I hadn't been at the table ten minutes, but I had already peeped his game. James liked to play the old fool and get under people's skin, which would then cause them to want to beat him and play poorly against him. But I know a hustle when I see one and this was a stone cold hustle, in fact although I didn't know it at the time, James was a legendary pool hustler from Brooklyn who had specialized in the game of One Pocket back in the 60s and 70s. Retired now from the hard green felt of the pool table, he had landed on the softer felt of the poker table. He played good cards in good position and let the idiots underestimate him, by the time the figured out he could play, he already had their chips stacked neatly in front of him. We became cool and I like playing with him, partly for the show and partly because he made the game good, getting folk riled up. But what really made us tight was the late Sunday night a few years ago when I was strolling down Pac. Ave after a big night at the Taj Mahal. I was taking my customary forty-five minute walk up and down the Strip before I headed to bed, when I approached Caesar's. The light turned green and I started crossing the street when, out of the corner of my eye, I saw someone stumble and fall, almost hitting their head on one of the concrete planters that front the casino. When I got to the other side the person was still there, layed out,  apparently unconscious on the sidewalk. I hurried over, it was Old Man James face down on the concrete. During my five years I spent working as a Unit Leader in a sleepover Summer Camp in Virginia I was trained as a First Responder, which included both Fire Suppression and Advanced First Aid. I kneeled down, but James was still out, his eyes open, but rolled up into his head. I leaned close to see if he was breathing, which he was, I then checked his pulse and it was good too. "James, James" I called to him. Slowly, his eyes rolled down and came into focus.
'What's going?"he asked, "What happened?"
I told him he had fallen out.
"Where am I ?" he asked. I told him he was in front of Caesar's.
"I got to catch my bus" he said. "I got to get back to Brooklyn before my wife gets worried."
I told him to slow down and stopped him from trying to get up until I asked hima few questions. After I was sure he was OK, I had him sit up. He was lucid now, his bus was leaving in ten minutes from the Bus depot across the street. I told him I'd walk him across the street, but that he had to go see a doctor as soon as he got home.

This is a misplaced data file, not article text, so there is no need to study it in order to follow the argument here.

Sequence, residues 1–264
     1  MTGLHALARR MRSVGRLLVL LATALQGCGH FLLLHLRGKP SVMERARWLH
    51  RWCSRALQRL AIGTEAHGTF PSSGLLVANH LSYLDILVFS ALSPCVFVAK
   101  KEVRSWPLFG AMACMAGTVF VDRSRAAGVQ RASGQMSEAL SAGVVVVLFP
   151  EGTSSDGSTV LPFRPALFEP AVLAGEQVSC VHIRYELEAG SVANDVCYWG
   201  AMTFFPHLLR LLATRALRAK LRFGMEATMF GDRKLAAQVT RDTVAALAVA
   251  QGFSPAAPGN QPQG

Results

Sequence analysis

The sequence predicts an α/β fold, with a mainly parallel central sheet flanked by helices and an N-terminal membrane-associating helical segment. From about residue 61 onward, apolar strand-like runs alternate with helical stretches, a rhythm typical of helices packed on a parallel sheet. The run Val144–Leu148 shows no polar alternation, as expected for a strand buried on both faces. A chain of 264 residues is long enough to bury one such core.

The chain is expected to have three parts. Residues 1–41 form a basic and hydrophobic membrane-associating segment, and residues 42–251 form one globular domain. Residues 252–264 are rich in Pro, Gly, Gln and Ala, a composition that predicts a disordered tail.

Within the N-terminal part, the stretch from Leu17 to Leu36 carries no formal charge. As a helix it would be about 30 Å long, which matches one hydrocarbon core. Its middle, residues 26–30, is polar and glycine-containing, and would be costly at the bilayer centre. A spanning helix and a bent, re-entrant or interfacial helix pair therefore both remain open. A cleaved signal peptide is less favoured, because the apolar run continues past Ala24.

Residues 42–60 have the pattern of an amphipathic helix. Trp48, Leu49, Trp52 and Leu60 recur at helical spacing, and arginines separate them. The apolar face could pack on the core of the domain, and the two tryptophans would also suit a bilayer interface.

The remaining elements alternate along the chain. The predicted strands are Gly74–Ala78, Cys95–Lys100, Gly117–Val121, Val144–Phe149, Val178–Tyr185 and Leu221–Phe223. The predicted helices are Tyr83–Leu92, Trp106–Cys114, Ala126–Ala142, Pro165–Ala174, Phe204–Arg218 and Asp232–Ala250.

"Motherfuck a doctor." he told me, "I'm alright, now."
'James," I said, "you got to go see a doctor, find out what happened"
"Fuck you and the doctor too." he told me, "You starting to sound like my wife."
I wasn't budging though, more black men in America die of preventable diseases than any other demographic. "James," I insisted "You got to go see the doctor."
"I aint going to see no motherfucking doctor." he responded.
I said "If you want me to help you across the street so you can catch your bus, then you've got to promise me you'll see the doctor."
Due to his two artificial knees and artificial hip, I knew James couldn't get up off the ground on his own. He looked around, he knew time was running out before the last bus left for Brooklyn.
"You's a motherfucker, aint you?' he said.
"Yes James" I said "I am, in fact a motherfucker." A motherfucker who wasn't budging.
"You trying to catch that bus?" I asked
"You know god-damned well I am." he said.
"You going to the doctor? I asked.
"I guess I aint got no motherfucking choice" he said, "Help me up."
I refused to move until he promised me, which he did. I knew as an old school gambler that he'd keep his word, because in that world your word was bond, your whole reputation was based on keeping your word. I helped him across the street and stayed until he caught his bus. It was the last time I saw him . . .  (to be continued.)

And until next we meet, may all your potatoes be sweet (and dusted with cinnamon.)